Jon A. Lambert
jlsysinc at ix.netcom.com
Sun Jun 22 23:31:50 New Zealand Standard Time 1997
> From: Caliban Tiresias Darklock <caliban at darklock.com>
> On Sun, 22 Jun 1997 11:09:04 PST8PDT, "Jon A. Lambert"
> >The checkbox has the advantage of validating/restricting the input and
> >the user need not know the command at all. I do exits by allowing the
> >builder to draw lines between room boxes instead of using checkboxes.
> Just out of curiosity, how in the world would you do this from the
> keyboard? This is exactly the sort of great idea that starts to present
> a problem when you take the mouse out of the picture; I can already see
> several potential solutions (such as allowing you to select a room,
> choose 'make exit' off a menu, and then select the destination of the
> exit), but when working with a large number of rooms in a single area it
> can become very tedious from the keyboard. This is why I like the option
> of a text-based interface; there are occasions when the mouse, keyboard
> navigation, *and* direct command entry become unwieldy. In any given
> situation, all three should be available, because there will inevitably
> arise a situation where the one you've neglected will be exactly the one
> that best fits the specific task.
Without the mouse it resembles your standard X or MS Windows interface. With
menus and shortcut keys. You are right. In many instances it is preferable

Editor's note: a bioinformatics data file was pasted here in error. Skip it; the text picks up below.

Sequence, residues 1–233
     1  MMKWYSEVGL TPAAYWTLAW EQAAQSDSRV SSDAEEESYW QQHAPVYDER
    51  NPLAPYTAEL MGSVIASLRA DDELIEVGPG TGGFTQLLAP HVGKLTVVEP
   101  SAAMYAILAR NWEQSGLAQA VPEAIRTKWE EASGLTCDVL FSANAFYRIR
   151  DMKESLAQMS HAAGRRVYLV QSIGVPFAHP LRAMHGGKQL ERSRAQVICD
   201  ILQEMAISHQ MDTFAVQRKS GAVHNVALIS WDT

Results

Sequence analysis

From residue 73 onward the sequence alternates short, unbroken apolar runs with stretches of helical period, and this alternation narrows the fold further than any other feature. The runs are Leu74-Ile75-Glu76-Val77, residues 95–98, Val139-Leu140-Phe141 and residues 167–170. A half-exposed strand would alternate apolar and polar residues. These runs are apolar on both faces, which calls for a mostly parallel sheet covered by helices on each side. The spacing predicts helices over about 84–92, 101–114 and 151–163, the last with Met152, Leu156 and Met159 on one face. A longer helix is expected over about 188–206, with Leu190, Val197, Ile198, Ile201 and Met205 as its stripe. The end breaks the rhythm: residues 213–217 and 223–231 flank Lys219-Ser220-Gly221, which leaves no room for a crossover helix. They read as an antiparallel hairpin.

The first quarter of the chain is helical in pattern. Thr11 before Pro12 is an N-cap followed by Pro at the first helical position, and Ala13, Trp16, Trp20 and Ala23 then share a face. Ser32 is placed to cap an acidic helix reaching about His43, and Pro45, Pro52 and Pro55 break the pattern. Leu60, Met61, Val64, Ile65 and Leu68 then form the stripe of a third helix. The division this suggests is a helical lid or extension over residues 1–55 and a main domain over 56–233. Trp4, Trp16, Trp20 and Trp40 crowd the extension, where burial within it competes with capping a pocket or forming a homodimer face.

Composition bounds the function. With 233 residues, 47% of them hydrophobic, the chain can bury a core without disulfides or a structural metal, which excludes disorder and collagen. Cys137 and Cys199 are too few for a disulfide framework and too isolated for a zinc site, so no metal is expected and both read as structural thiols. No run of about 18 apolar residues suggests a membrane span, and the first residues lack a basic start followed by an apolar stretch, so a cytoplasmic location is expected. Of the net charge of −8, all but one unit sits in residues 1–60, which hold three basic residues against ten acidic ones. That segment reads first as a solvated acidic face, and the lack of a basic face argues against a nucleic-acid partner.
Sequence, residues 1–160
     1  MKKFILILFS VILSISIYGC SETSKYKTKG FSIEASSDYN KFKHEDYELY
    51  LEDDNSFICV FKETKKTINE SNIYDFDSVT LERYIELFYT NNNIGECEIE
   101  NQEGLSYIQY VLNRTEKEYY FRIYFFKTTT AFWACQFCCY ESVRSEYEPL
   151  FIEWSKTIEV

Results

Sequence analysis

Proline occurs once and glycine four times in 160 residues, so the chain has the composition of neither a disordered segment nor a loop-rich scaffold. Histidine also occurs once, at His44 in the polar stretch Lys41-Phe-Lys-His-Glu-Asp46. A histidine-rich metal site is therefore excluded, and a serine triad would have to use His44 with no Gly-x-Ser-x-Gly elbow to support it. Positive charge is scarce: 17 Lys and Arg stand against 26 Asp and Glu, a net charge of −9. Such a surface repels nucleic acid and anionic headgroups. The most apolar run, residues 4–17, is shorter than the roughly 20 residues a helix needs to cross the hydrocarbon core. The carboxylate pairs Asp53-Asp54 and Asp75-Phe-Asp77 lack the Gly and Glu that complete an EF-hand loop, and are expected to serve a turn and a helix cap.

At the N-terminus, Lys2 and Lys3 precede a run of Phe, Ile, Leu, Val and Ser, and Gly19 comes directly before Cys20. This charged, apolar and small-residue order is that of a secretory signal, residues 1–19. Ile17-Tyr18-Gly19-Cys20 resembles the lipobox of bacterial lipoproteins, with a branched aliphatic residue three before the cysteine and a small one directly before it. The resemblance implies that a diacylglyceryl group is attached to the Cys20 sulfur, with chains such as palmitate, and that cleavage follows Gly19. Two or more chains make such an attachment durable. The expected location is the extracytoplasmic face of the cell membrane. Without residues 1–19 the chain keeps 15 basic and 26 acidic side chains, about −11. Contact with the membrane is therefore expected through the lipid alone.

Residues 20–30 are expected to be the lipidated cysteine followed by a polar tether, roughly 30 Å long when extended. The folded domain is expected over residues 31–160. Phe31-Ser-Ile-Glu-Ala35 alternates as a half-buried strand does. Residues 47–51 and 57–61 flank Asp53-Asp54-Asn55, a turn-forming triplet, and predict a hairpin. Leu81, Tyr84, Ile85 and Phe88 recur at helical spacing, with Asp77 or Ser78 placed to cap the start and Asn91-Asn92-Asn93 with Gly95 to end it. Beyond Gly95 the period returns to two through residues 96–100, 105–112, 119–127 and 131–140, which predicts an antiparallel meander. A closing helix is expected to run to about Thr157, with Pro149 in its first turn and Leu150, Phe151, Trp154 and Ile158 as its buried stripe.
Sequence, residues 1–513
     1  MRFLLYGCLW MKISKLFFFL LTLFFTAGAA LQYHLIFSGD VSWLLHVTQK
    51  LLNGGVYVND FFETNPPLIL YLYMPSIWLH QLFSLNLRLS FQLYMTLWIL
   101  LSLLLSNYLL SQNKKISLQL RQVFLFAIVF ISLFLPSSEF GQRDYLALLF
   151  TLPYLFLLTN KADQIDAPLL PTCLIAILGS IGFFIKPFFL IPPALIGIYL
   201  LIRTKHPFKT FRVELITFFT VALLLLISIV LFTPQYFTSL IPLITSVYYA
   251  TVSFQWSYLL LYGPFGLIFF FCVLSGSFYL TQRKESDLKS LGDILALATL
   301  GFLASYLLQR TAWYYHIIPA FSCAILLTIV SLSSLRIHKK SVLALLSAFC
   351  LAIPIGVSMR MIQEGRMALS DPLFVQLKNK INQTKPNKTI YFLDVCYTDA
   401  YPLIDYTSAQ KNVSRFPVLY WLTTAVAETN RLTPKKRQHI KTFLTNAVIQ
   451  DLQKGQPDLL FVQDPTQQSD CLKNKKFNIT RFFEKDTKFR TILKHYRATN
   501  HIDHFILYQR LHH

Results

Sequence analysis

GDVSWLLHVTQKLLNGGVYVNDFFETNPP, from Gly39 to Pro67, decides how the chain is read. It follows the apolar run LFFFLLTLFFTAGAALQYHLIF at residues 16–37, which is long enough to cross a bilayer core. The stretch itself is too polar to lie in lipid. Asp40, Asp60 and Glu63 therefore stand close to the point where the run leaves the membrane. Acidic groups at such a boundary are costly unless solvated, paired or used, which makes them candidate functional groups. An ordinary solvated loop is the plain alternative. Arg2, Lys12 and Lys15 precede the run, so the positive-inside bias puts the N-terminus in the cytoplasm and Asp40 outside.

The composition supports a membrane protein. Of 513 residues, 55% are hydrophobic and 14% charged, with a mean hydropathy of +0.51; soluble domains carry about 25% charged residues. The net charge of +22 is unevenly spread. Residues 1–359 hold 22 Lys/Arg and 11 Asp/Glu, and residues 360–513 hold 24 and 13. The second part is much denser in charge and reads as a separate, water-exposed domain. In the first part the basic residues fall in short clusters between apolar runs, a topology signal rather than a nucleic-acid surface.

to use a mouse. This isn't really difficult, I've used Xwindows for many
months without a mouse (the terminal didn't support it). This problem has
already been addressed many times over with popular GUIs. In fact it takes
more effort to write a GUI application to NOT allow use of the keyboard.
Lurking just below the surface of many successful GUI apps are powerful shortcut
keys. WordPerfect for MAC/Windows for instance contains hundreds of shortcut
keys held over from DOS days and even back to WordStar for CP/M days. If it
didn't, 60+wpm secretaries wouldn't have allowed it on their desktops.
Many of these keystroke combinations are similar to EMACs. I'm sure there
is a common history somewhere here(?)
> For example, if I have a large series of rooms that are linked together
> in a sort of torus, and all of it is laid out graphically on my screen,
> but it won't all fit... in order to select the rooms, I have to choose
> one end of the map and then scroll all the way to the other end of it to
> select where the exit goes. With a command line, I can do this easily,
> but when I'm connecting one room to the rooms immediately around it I
> can do it much faster using clicking and dragging with the mouse. When
> I'm designing rooms one at a time and adding in everything I need as I
> create the rooms, there's a lot of typing, so I would find it much
> easier to work exclusively from the keyboard.
Sure it will fit. :) CTL Z, F, Tab to Select Room (That's Zoom, Fit to Page
then Tab to Find the room) Or even better, for those with poor eyesight;
CTL <arrow key> for immediate page by page scrolling.
Hmmm, there's a point here somewhere. I think what I am trying to
convey is that GUI design is quite mature and there are "standards" to
follow. Leave it up to the user to decide what's the most comfortable
for them, keyboard or mouse.
You can even enable voice activated commands or text-to-voice output.
I have a few programs that do this. I'm not quite comfortable with it
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